The title 'The Secret Life of Books' personifies books. Not only do they have 'life' but it is secret. This tells us that humans are ignorant towards books, that we don't really look into them, that we don't appreciate them and that in a way books know more than us.
The first stanza already brings up the main theme of the poem, the power books posses. Edgar tells us that they have 'stratagems' and plans, and that "They have turned the world". This brings up an interesting paradox, even though they can't move and they're "like invalids" they have so much power over us. This is later explained in line 4 when is says that "they do their work through others". This reveals to us the way in which they have so much power without even being able to move.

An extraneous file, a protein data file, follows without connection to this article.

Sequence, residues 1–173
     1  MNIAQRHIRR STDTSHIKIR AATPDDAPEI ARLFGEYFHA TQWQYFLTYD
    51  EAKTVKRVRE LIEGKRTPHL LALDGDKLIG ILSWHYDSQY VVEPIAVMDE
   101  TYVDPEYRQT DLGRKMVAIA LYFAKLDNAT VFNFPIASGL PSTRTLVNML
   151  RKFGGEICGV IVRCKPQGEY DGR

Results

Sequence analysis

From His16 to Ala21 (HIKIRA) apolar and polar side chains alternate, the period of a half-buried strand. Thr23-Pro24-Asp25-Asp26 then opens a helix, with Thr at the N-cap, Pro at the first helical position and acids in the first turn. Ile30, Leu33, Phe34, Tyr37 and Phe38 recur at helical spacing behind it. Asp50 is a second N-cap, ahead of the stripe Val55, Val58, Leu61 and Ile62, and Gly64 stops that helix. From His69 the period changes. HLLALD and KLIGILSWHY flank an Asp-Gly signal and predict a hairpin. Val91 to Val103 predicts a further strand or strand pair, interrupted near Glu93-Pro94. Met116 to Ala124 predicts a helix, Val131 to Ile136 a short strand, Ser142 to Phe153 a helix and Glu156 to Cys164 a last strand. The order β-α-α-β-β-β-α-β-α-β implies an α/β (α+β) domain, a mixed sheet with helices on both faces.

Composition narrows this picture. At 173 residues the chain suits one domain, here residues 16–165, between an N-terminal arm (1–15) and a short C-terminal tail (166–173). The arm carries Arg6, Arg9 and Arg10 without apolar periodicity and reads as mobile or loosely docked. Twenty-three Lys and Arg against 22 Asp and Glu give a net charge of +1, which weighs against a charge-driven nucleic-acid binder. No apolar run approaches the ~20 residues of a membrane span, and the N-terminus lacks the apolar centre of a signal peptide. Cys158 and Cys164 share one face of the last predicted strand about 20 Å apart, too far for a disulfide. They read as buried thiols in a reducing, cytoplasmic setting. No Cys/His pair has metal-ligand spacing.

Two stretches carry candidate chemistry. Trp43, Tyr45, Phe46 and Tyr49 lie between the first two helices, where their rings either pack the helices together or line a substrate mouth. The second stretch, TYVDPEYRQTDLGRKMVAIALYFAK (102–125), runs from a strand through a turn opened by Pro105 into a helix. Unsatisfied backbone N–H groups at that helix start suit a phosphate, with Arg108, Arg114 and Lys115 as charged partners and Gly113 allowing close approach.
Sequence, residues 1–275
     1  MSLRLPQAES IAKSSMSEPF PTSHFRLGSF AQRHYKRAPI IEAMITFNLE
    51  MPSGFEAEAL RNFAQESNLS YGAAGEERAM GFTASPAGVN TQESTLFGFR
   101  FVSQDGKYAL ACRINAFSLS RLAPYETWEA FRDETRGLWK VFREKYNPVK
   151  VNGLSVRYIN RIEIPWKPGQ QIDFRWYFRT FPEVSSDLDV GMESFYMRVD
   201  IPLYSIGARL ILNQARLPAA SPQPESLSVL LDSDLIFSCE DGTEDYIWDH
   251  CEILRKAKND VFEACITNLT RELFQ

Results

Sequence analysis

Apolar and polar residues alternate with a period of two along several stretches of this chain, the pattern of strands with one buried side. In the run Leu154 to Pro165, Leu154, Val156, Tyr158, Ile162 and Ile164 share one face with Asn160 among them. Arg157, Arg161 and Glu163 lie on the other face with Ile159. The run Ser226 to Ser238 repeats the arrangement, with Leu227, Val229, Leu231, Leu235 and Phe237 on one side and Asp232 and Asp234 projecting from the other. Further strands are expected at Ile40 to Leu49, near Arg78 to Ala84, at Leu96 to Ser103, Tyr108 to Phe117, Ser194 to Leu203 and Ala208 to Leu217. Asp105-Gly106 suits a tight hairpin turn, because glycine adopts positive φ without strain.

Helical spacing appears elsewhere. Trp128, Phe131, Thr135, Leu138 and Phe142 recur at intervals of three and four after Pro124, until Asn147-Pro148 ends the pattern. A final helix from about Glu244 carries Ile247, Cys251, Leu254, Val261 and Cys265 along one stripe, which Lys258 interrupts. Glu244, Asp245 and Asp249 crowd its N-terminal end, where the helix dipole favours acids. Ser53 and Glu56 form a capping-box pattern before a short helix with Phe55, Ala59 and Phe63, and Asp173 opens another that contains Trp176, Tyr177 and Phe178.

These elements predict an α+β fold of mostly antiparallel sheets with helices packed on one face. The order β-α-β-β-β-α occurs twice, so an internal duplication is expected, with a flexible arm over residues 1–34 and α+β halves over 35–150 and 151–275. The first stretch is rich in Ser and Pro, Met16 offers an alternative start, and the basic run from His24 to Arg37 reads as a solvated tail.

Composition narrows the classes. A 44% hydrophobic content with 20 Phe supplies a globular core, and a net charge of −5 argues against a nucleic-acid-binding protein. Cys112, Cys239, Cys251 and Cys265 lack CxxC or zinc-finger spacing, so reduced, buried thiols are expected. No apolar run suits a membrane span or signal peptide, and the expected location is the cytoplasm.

The second stanza begins with a rhetorical question. This question makes the reader more interested in the topic Edgar is going to develop on. This question also brings up the idea of books coming to life and actually manipulating humans. On the other hand, the question could have been asked to make the reader think about the purpose of books, about how they may serve people so they can communicate and transmit their ideas to others. Edgar continues to personify books when he describes the library as their home, as the place they all get together to conspire against us. In the last line of this stanza the idea of books conspiring against humans in ways unknown to is us brought up. The reader may now commence to feel fear towards these books. Fear of the unknown.
The last few words of the second stanza and the beginning of the third stanza shows the weakness...